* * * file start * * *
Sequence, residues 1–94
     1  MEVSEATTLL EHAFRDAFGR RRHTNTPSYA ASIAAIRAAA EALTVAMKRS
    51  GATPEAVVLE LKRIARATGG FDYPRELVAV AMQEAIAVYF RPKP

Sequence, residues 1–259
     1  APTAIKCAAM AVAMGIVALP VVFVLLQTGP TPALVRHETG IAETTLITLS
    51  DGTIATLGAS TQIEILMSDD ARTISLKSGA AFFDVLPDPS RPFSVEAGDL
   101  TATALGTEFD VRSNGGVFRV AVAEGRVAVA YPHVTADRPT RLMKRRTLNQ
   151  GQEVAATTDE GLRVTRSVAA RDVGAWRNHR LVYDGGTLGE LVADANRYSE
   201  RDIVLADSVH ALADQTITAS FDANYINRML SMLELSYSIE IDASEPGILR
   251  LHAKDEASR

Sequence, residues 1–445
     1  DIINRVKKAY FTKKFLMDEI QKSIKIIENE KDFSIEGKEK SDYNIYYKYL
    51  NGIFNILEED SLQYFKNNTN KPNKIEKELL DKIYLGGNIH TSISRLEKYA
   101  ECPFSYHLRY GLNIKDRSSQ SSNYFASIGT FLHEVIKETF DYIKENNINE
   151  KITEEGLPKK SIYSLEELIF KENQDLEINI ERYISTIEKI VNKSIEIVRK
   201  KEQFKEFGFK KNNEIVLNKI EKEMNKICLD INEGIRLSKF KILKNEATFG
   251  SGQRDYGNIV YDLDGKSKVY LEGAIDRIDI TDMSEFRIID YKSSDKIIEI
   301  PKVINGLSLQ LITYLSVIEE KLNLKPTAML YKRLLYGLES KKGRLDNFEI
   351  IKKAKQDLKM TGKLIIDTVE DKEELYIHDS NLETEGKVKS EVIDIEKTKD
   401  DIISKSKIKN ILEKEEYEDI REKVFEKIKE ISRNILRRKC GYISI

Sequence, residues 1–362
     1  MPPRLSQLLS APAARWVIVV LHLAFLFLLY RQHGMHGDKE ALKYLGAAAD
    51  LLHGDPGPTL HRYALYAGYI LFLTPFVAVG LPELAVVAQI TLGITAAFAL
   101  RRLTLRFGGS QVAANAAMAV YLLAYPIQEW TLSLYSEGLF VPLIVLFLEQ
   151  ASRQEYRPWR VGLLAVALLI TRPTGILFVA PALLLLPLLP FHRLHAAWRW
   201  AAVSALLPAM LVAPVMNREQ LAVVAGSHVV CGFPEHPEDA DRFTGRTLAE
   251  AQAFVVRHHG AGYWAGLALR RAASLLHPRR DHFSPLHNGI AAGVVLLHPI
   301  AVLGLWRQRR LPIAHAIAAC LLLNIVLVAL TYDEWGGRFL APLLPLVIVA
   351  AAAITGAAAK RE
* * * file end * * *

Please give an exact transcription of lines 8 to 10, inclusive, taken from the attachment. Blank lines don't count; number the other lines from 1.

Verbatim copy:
   151  GQEVAATTDE GLRVTRSVAA RDVGAWRNHR LVYDGGTLGE LVADANRYSE
   201  RDIVLADSVH ALADQTITAS FDANYINRML SMLELSYSIE IDASEPGILR
   251  LHAKDEASR